Canary Wharf Underground Station - Jubilee Plaza, Isle of Dogs, London, UK
Posted by: Groundspeak Premium Member Master Mariner
N 51° 30.219 W 000° 01.180
30U E 706835 N 5710046
Quick Description: Canary Wharf underground station serves the Jubilee Line that extends from Stratford in the east to Stanmore in the west. The station has many entrances with the given co-ordinates being for one of them. Design was by Sir Norman Foster.
Location: London, United Kingdom
Date Posted: 2/6/2013 11:04:03 AM
Waymark Code: WMGAK5
Published By: Groundspeak Premium Member razalas
Views: 4

Long Description:

The Architecture website [ visit link ] tells us:

"The Jubilee Line Extension was one of the triumphs of British engineering and architecture of the late twentieth century. Accompanying the regeneration of the London Docklands, it opened up huge swathes of south and east London for redevelopment. The architecture and planning of Docklands have been much criticised. Most, however,  agree that aesthetically and functionally the Jubilee Line is a great success.

Each station on the line is striking, but perhaps the most impressive is Canary Wharf (1991-99). Designed to allow access to the vast office and commercial development there, its scale is phenomenal. Unlike most other tube stations, for once, space was available. Thus, rather than being hidden deep beneath other buildings, above this can be found landscaped gardens and great glass canopies, lighting the station beneath.

Users are met with light, spacious interiors. The architecture is restrained: smooth grey concrete and cool steel dominate.  The glass melts into the concrete vaulting 

Below, the sleek, shiny escalators take centre stage, carrying many thousands daily. Who would think that this was once a busy dock, the new station walls holding back the might of both earth and water?"

The National Archives website [ visit link ] additionally tells us:

"Built entirely underground, Canary Wharf Underground Station uses a simple layout and dramatic design features to create a highly usable and durable space. Designed by Foster & Partners.

Canary Wharf Underground Station is built in a hollow of the former West India Dock. It is intensively used, with more peak time travellers than those using Oxford Circus.Constructed using 'cut-and-cover' techniques, the station itself is entirely underground. The only elements of the building that are visible externally are the vaulted glass canopies above the entrances. The roof of the station - the building's 'lid' - has been landscaped as a public park, with grass, trees, seating, fountains and paths. On entering the station concourse from either the platforms or from surface level at Canary Wharf, the large size of this space makes a notable impact.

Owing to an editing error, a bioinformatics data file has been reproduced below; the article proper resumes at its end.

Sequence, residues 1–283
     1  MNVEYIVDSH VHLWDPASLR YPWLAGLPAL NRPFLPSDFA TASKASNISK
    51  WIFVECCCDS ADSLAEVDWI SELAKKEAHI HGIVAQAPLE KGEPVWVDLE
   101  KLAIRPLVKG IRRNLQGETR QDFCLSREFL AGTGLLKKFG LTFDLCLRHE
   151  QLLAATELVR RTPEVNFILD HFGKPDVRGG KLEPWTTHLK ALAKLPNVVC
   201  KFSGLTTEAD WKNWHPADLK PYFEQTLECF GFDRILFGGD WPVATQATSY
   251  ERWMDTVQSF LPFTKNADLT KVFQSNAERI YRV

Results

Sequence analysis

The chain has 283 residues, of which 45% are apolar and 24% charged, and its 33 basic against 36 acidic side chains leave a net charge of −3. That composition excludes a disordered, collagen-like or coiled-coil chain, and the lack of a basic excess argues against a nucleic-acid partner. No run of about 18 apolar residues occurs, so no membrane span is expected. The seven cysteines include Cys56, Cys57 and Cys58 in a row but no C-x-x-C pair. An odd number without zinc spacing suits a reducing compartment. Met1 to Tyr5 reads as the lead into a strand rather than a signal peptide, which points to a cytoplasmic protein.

Internally, the station's scale is monumental. However, effective organisation of the space and clear design, including good lighting, create a reassuring passenger experience within the space.

The building is commended for its clarity, simplicity, spatial quality and memorable image."

The Mr Foster Movie website [visit link] tells us about Norman Foster:

"Norman Foster was born in Manchester in 1935. After graduating from Manchester University School of Architecture and City Planning in 1961 he won a Henry Fellowship to Yale University, where he gained a Master’s Degree in Architecture.

He is the founder and chairman of Foster + Partners. Founded in London in 1967, it is now a worldwide practice, with project offices in more than twenty countries. Over the past four decades the company has been responsible for a strikingly wide range of work, from urban masterplans, public infrastructure, airports, civic and cultural buildings, offices and workplaces to private houses and product design. Since its inception, the practice has received 470 awards and citations for excellence and has won more than 86 international and national competitions.

Current and recent work includes the largest single building on the planet, Beijing Airport, the redevelopment of Dresden Railway Station, Millau Viaduct in France, the Swiss Re tower and the Great Court at the British Museum in London, an entire University Campus for Petronas in Malaysia, the Hearst Headquarters tower in New York, Boston Museum of Fine Arts, the Robert and Arlene Kogod Courtyard at the Smithsonian Institution in Washington and research centres at Stanford University, California.

He became the 21st Pritzker Architecture Prize Laureate in 1999 and was awarded the Praemium Imperiale Award for Architecture in 2002. He has been awarded the American Institute of Architects Gold Medal for Architecture (1994), the Royal Gold Medal for Architecture (1983), and the Gold Medal of the French Academy of Architecture (1991). In 1990 he was granted a Knighthood in the Queen’s Birthday Honours, and in 1999 was honoured with a Life Peerage, becoming Lord Foster of Thames Bank."

Architect: Sir Norman Foster

Prize received: RIBA Royal Gold Medal

In what year: 1983

Website about the Architect: [Web Link]

Website about the building: [Web Link]

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